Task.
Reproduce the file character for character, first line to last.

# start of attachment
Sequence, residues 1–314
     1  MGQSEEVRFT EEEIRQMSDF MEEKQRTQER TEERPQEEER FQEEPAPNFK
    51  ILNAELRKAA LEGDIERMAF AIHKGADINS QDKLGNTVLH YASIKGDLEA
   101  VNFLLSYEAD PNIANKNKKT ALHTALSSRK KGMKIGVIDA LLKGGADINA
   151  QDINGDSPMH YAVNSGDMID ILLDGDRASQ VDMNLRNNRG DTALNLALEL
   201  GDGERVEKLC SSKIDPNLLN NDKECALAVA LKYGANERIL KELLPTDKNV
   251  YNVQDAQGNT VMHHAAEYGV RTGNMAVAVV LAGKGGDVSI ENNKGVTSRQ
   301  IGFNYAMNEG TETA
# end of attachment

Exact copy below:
Sequence, residues 1–314
     1  MGQSEEVRFT EEEIRQMSDF MEEKQRTQER TEERPQEEER FQEEPAPNFK
    51  ILNAELRKAA LEGDIERMAF AIHKGADINS QDKLGNTVLH YASIKGDLEA
   101  VNFLLSYEAD PNIANKNKKT ALHTALSSRK KGMKIGVIDA LLKGGADINA
   151  QDINGDSPMH YAVNSGDMID ILLDGDRASQ VDMNLRNNRG DTALNLALEL
   201  GDGERVEKLC SSKIDPNLLN NDKECALAVA LKYGANERIL KELLPTDKNV
   251  YNVQDAQGNT VMHHAAEYGV RTGNMAVAVV LAGKGGDVSI ENNKGVTSRQ
   301  IGFNYAMNEG TETA